Updated: March 2020
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LiteSpeed claims advantages over common Apache servers. Here’s why we’re doubtful.
1It is up to six times faster than Apache. And 12 times faster than NGINX.
Does this make a difference in page load time? Not really. Real culprits slowing down websites are:
- third-party APIs
- email services
- heavy images
2It is three times faster than Apache in SSL.
Would we argue that a stereo performing above the range of human hearing is better? Braggadocio.
3With its LiteMage cache, LiteSpeed makes Magento pages run up to 75 times faster.
Wow! That sounds really good. But, what does that mean for WordPress users? Uh? Nothing. Magento is an e-commerce platform built on open-source technology. It’s a content-management-system alternative for WordPress and WooCommerce. Big deal. It’s not even part of the WordPress world.
4It increases PHP performance by 50 percent.
Is PHP performance – or lack thereof – significant? Not from our tests. Immeasurable.
So let’s talk about LiteSpeed benchmarks? What are they saying:
We tested HTTP/2 implementations from LiteSpeed Web Server, Nginx, and Apache, to see how they would compare when loading WordPress. LiteSpeed beat Nginx by up to 12X, and blew Apache out of the water by a whopping 84X! The best available WordPress cache plugins were used for each server: LSCache for LiteSpeed, FastCGI Cache for Nginx, and W3 Total Cache for Apache. – REFERENCE
They later mention those specs are on HTTP/2 servers. And they weren’t using cheap shared hosting. They used Vultr Cloud VM. That service costs extra money based on usage. Vultr’s cheapest cloud hosting plan is $5 per month.
What are they not comparing? They’re not comparing milliseconds of load time for a website. They’re talking about server processing requests per second. Not the same thing at all.
On common affordable everyday HTTP 1.1 servers, the results aren’t as shiny:
LiteSpeed Web Server performs 5X faster than Nginx and 28X faster than Apache when loading WordPress.
These specifications mimic what developers claimed about PHP version 7 when compared to PHP version 5. WordPress runs on PHP server-side language. Did that version update shave seconds or milliseconds off of WordPress page load times? No. It only increased server processing speed. The benefit wasn’t even measurable with standard speed tests. Hand-waving specsmanship. Pure hype.
Are these processing metrics a valid indicator of potential website speed improvement? Not for a minute.
Some speed considerations when using WordPress LiteSpeed Cache plugin:
1When plugins have multi-functions, they get heavy fast. LiteSpeed Cache plugin is no exception. Its file weighs 2 megabytes when decompressed. (Compared to 528k for Autoptimize plugin alternative.)
It’s better for speed to use “discrete” plugins (one function and few or no settings) rather than a multi-function plugin.
Autoptimize is a multi-function plugin, also. We use Autoptimize plugin sometimes – but not all the time. Why?
That’s right more plugins are better than less in the speed department. Only when using lightweight discreet plugins. One fat plugin like Yoast SEO – 150 to 250 milliseconds – negates all gains from discrete plugins.
Caching is a band-aid for inferior website design. Any page using origin-optimization strategy always loads faster. The complexity of many settings means the plugin isn’t dummy-proof.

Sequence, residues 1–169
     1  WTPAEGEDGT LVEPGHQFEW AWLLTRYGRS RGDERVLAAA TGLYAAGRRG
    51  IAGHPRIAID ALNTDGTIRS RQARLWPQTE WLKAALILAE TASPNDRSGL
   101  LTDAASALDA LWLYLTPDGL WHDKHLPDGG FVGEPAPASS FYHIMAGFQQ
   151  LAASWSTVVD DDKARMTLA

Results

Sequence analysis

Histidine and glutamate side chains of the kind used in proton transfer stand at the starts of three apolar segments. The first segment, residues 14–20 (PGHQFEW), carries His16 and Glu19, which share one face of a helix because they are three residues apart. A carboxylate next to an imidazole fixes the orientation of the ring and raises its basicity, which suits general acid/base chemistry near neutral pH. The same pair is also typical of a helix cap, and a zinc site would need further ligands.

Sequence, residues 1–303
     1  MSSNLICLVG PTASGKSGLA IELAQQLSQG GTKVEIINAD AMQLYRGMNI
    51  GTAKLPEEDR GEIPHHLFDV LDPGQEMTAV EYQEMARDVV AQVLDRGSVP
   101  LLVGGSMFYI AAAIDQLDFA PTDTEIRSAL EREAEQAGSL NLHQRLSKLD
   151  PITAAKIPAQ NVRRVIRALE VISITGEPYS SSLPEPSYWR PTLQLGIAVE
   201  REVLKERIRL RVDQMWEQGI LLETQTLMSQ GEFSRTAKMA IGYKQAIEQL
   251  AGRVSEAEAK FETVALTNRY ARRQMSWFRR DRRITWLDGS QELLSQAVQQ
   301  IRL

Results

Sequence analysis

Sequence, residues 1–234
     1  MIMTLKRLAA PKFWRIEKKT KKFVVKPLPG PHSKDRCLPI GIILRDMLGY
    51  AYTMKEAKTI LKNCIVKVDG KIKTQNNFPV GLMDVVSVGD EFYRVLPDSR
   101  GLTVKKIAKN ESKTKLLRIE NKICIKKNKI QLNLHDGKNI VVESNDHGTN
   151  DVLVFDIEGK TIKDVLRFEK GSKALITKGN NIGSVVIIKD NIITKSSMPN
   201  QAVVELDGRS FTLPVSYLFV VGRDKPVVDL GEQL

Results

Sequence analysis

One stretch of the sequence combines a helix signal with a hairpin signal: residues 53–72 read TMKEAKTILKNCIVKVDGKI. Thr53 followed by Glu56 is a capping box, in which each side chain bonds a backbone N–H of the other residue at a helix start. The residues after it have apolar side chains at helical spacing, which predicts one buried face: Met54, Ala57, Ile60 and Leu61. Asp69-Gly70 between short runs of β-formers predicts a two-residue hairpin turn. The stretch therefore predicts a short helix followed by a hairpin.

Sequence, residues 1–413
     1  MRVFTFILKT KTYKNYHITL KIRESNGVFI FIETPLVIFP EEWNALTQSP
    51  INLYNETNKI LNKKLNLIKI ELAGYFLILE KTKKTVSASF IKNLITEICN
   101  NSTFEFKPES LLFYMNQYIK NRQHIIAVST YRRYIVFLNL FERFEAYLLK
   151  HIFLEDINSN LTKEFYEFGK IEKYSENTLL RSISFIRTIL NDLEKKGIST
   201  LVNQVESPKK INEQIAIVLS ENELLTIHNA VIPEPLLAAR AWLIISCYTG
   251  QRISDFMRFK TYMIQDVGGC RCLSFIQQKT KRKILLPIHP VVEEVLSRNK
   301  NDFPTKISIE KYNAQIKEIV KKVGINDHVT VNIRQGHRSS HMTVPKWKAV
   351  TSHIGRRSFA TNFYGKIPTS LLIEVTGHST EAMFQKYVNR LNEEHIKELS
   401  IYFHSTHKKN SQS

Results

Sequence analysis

Plug-and-play discrete plugins are more bulletproof. Caching often breaks site functions. As does minification (file concatenation). Because of fragility caused by complexity, we don’t always use a caching plugin. It’s herd mentality to always install a caching plugin. Especially popular ones like W3 Total Cache (1+ million active) and WP Super Cache (2+ million active). It’s better if you don’t use caching if you don’t get a significant gain. And we rarely do. Not with an optimized site built for speed.
2Using discrete plugins for individual features is faster. These plugins usually load in under 1 millisecond. LiteSpeed Cache adds 53 milliseconds of load time globally. That is on every page and post of your website. We call that site drag. We can install and activate over 53 discrete plugins in that same load time.
3The question-and-answer section of the LiteSpeed Cache website recommends third-party CDN workarounds. This is bad practice for speed. Again, it’s an after-the-fact repair band-aid. It doesn’t “fix” the sloppy site-origin problems. It masks the causes of real bloat. Apathy is the true cause of bloat.
4Using discrete plugins allows us to selectively activate or deactivate plugin functions on a page-by-page basis. This is always useful, especially on an e-commerce site. The store pages are dynamic. They often won’t work with caching plugins – or other plugins used for minification.
According to LiteSpeed developers, a single LiteSpeed server is capable of handling data equivalent to two Apache servers. We dislike LiteSpeed’s claim of “80 times faster.” Ridiculous vanity metric. Server execution time doesn’t translate into milliseconds of gain on a website. You can erroneously imply the same claim for PHP7 over PHP5. But change in server PHP versions doesn’t make a dent in poorly optimized images, ads, fonts, etc.
If LiteSpeed is free from your host, go for it. Use it. If you’re paying extra for it, think about what value you get and if it contributes to site profitability.
NOTE: Lightspeed was aggressively added to one of our sites by the hosts. That means they didn’t ask permission, they just added the Lightspeed plugin. That broke Easy Digital Downloads plugin checkout functions. Instant no sales. The solution? Because we knew they would just reinstall the plugin if we removed it, we used selective deactivation to turn off the Lightspeed Plugin on the checkout page.
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